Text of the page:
We have discussed problems with alarms on numerous occasions. In our February 23, 2010 “Alarm Issues in the News Again” we noted that alarm fatigue is a real problem. Just as we see “alert fatigue” when physicians are exposed to too many alerts and reminders during CPOE, “alarm fatigue” refers to the human tendency to begin ignoring alarms when exposed to a constant bombardment by alarms, many of which are false alarms or not clinically important. We noted a study by Siebig and colleagues (Siebig et al 2010) in medical intensive care units that found only 15% of alarms were considered clinically relevant. That article and the accompanying editorial (Blum 2010) call for future research into alarms and suggest development of monitoring algorithms that could monitor multiple physiological parameters simultaneously to identify clinically relevant changes earlier and more reliably. They also suggest using different audible tones to help differentiate various signals indicating problems with the electrodes versus problems with the patient.
Now a new study (Schmid 2010) looked at alarms in 25 consecutive cardiac surgery cases. They noted an average of 1.2 alarms per minute and noted that approximately 80% of the alarms had no therapeutic consequences, a figure remarkably similar to that found in the Siebig study mentioned above. As noted in the title of this article, the “crying wolf” phenomenon may occur when alarm fatigue leads to ignoring critical alarms that do have clinical consequences.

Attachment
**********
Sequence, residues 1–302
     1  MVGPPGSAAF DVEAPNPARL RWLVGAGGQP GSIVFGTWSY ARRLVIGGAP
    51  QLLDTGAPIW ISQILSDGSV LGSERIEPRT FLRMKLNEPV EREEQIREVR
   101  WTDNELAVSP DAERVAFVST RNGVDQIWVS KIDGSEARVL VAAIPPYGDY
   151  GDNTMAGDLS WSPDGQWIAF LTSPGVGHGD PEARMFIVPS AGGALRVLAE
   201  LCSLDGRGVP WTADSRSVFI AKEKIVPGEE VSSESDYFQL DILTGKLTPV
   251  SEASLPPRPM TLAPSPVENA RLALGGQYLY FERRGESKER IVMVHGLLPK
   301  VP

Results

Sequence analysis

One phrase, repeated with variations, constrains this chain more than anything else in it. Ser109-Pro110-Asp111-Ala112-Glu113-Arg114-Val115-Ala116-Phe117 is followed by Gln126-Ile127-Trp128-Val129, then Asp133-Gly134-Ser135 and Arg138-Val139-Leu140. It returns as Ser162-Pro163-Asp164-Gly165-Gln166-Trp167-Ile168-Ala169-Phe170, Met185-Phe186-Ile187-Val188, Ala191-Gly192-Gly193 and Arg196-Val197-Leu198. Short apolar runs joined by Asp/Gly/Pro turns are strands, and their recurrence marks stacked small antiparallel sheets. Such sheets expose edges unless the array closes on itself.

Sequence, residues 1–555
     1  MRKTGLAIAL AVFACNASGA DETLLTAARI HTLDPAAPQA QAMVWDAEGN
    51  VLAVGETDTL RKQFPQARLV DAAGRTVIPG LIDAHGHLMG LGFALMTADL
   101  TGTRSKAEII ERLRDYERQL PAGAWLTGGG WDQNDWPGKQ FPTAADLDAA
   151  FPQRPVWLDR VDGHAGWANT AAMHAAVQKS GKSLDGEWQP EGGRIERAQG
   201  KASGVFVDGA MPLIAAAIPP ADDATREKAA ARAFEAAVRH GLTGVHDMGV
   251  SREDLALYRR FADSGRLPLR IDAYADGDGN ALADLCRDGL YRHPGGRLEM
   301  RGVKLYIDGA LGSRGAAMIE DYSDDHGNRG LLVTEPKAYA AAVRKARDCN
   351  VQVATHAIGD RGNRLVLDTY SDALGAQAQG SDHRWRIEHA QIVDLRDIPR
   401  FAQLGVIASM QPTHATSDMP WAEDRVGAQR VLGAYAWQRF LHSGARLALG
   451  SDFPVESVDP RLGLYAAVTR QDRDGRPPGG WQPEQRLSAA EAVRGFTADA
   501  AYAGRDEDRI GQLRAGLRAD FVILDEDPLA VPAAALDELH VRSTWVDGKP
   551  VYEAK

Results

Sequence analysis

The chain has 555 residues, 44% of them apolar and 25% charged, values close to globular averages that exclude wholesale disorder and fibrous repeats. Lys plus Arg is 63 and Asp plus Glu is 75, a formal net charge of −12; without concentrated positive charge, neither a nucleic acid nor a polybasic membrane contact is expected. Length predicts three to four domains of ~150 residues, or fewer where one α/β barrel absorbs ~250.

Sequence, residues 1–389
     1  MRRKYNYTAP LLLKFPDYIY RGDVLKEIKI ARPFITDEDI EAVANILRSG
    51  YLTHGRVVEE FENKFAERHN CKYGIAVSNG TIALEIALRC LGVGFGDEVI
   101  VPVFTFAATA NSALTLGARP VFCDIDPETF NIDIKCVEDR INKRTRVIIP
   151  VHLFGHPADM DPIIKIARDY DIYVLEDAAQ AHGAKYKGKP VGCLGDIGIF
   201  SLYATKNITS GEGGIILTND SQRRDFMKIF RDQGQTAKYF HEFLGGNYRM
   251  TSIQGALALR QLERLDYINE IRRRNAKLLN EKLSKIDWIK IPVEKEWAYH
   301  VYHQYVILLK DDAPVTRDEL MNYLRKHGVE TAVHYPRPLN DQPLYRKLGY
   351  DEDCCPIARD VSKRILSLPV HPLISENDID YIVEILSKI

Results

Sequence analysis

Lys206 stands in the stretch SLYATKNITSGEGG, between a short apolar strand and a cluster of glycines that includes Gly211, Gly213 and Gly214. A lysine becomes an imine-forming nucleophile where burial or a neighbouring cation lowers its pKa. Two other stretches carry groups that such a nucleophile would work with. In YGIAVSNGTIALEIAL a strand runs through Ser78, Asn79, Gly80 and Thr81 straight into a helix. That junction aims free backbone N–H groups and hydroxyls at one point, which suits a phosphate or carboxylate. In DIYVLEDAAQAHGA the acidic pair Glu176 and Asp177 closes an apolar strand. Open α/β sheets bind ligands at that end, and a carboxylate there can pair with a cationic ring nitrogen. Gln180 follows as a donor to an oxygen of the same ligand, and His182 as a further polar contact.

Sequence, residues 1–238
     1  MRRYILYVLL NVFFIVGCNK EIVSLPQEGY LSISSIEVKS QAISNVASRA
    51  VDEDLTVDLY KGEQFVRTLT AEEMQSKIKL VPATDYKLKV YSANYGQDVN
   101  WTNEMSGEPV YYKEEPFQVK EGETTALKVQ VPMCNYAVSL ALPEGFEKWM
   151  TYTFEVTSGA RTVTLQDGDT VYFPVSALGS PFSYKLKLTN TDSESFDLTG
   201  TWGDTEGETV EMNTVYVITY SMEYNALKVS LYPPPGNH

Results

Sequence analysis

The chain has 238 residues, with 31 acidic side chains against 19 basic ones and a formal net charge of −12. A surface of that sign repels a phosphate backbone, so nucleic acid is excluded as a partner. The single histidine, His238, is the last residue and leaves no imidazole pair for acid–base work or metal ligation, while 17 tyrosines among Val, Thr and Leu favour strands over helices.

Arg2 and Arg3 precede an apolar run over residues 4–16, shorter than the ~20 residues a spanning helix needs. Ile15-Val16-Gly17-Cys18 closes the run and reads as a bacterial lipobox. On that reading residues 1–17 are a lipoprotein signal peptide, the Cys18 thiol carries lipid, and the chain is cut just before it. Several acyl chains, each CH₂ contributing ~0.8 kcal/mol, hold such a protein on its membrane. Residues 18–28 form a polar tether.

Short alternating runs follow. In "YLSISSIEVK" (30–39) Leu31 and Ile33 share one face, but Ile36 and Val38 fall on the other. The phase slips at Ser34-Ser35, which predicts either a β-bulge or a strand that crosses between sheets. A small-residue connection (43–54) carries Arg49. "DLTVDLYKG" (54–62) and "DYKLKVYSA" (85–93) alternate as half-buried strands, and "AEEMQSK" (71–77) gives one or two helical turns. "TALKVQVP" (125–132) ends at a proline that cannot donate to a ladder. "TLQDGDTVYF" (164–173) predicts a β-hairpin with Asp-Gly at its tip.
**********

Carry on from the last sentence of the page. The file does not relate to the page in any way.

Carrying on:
Ignoring alarms is one of our “big three” contributing factors we commonly encounter when doing root cause analyses of events with advere outcomes. But ignoring alarms usually has its own root causes, most important of which is alarm fatigue. Clearly, we need to look at alarms in virtually every clinical venue and critically assess whether the alarms are needed and whether the net effect of the alarms is beneficial or simply a distraction.
Previous Patient Safety Tips of the Week pertaining to alarm-related issues:
March 5, 2007 “Disabled Alarms”
March 26, 2007 “”
April 2, 2007 “”
June 19, 2007 “Unintended Consequences of Technological Solutons”
April 1, 2008 “Pennsylvania PSA’s FMEA on Telemetry Alarm Interventions”
February 23, 2010 “Alarm Issues in the News Again”
March 2, 2010 “Alarm Sensitivity: Early Detection vs. Alarm Fatigue”
Schmid F, Goepfert MS, Kuhnt D, et al. The Wolf Is Crying in the Operating Room: Patient Monitor and Anesthesia Workstation Alarming Patterns during Cardiac Surgery. Anesth Analg 2010; ANE.0b013e3181fcc504; published ahead of print October 21, 2010, doi:10.1213/ANE.0b013e3181fcc504
Siebig S, Kuhls S; Imhoff M, et al. Intensive care unit alarms - How many do we need? Critical Care Medicine 2010; 38(2): 451-456
Blum JM, Tremper KK. Alarms in the intensive care unit: Too much of a good thing is dangerous: Is it time to add some intelligence to alarms?
Critical Care Medicine 2010; 38(2): 702-703